Haunted by the specters of Frank Sinatra Jr., J. Paul Getty III and the Lindbergh Baby, a Sunset Advisory Commission made up mostly of legislators thought it best that kidnappers and other citizens not be able to see the legally required, publicly available financial disclosure statements of legislators online.
The decision, reported today by the Austin American-Statesman, was an expression of confidence that the ancient inconvenience of a trip to Austin to view the the documents in person was sufficient to deter a crime that cost Sinatra’s father a lot of money, Getty his right ear and the Lindbergh child his life.
Research staff for the commission had recommended the Texas Ethics Commission post all of the documents on its website, something Texas Watchdog has championed since its founding nearly four years ago. (View forms for 2008, 2009 and 2010 here.)
State Sens. Robert Nichols, R-Jacksonville, vice chairman of the Commission, and member Joan Huffman, R-Houston, thought the gesture of government transparency rash.
Nichols told fellow commission members he personally knew of two people whose children were kidnapped because it was known that they had a lot of money. Huffman suggested that a citizen or organization with good intentions ought to be willing to make a disclosure sojourn.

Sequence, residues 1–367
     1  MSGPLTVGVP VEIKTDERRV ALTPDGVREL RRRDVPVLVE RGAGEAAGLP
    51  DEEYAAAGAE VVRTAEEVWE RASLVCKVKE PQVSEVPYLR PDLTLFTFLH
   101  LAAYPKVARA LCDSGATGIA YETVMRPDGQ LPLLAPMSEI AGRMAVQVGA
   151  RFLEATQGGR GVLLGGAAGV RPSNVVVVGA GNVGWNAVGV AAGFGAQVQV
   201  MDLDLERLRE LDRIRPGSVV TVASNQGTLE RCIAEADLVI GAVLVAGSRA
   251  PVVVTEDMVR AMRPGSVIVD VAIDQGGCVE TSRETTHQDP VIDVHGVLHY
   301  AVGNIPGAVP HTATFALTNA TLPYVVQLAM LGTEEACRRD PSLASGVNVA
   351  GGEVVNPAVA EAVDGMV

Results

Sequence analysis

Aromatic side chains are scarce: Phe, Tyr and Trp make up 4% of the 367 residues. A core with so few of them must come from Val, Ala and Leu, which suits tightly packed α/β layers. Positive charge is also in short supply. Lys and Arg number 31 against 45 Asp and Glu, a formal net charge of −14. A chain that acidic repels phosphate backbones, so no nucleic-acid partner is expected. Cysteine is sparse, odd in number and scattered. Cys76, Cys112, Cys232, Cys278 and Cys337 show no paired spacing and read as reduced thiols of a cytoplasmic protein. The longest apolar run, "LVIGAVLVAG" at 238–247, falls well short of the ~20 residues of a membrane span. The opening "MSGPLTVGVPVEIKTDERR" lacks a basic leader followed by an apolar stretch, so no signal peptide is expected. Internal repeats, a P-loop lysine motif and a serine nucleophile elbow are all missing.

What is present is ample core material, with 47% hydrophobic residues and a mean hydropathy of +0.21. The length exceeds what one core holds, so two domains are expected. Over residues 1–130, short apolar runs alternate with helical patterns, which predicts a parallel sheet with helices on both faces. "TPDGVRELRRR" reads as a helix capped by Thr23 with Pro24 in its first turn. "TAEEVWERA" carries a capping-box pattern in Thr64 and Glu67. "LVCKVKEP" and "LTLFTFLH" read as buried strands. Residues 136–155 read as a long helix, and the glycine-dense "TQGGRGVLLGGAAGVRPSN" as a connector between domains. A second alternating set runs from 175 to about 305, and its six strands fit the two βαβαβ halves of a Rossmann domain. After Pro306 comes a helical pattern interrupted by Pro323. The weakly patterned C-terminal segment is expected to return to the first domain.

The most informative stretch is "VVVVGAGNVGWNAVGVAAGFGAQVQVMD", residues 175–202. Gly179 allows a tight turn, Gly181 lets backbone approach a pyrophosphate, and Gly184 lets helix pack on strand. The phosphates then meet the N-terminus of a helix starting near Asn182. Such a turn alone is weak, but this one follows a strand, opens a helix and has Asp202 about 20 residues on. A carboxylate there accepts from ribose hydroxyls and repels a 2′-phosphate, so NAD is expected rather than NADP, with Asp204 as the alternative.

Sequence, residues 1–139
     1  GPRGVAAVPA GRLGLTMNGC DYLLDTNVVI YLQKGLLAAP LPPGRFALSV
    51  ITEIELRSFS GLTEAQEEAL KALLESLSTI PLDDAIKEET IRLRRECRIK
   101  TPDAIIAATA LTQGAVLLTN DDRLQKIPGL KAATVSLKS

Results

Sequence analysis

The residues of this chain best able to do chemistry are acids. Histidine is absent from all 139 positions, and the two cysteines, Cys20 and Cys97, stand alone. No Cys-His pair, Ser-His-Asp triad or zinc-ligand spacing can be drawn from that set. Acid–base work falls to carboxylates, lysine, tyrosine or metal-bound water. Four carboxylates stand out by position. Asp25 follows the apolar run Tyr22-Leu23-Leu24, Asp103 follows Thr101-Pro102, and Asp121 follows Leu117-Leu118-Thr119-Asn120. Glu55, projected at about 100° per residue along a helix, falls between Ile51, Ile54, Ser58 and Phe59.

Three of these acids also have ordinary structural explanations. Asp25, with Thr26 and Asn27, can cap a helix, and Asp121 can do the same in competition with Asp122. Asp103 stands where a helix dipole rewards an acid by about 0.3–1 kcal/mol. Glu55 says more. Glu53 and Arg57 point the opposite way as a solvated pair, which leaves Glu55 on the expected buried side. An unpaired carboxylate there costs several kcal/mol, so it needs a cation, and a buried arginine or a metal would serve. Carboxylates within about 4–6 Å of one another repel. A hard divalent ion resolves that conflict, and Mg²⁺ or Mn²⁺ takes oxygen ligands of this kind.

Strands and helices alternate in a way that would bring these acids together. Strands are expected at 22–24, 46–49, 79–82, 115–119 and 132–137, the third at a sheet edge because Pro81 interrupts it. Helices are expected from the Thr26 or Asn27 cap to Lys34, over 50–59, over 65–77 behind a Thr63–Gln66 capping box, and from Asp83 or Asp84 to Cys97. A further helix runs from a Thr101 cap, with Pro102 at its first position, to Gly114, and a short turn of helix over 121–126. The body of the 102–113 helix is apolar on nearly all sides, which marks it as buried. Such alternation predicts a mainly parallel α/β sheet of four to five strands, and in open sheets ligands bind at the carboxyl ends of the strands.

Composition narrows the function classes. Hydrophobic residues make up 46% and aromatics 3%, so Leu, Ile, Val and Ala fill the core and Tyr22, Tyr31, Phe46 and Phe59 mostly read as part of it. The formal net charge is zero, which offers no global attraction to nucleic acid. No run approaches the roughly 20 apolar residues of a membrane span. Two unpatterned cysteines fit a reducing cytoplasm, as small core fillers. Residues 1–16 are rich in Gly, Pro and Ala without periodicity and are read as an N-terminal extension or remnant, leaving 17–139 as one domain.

Sunset Advisory’s decision is another rejection of staff recommendations to make the Ethics Commission tougher. In April, the commission chose not to recommend the Ethics Commission budget be increased to create an enforcement component to investigate ethics violations by elected officials and others in state politics.
Good government groups have long contended that without real enforcement the Ethics Commission cannot do the job it was created in January of 1992 to do.
The reason the Ethics Commission has always come up short, the critics say, is that it is an institution created by legislators to regulate legislators.
That same criticism - the co-opting of real reform by politicians - has also been levelled at the Sunset Advisory Commission, created more than 30 years ago to hold state agencies, commissions and councils accountable for their performance.
Case in point: Sunset Advisory staff recommended the new technology needed to pay for online financial disclosure could be paid for by increasing the filing fees charged to legislators.
By rejecting the proposal, a protective commission was able to save its members and the rest of the Legislature some money and avert a potential crime wave, to boot.
We’re sure that more than a few of those grateful legislators are tugging on their right ear lobes while reading this. Just to make sure.
Contact Mark Lisheron at 512-299-2318 or email@example.com or on Twitter at @marktxwatchdog.
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Photo cropped from poster online at FBI account of Lindbergh kidnapping.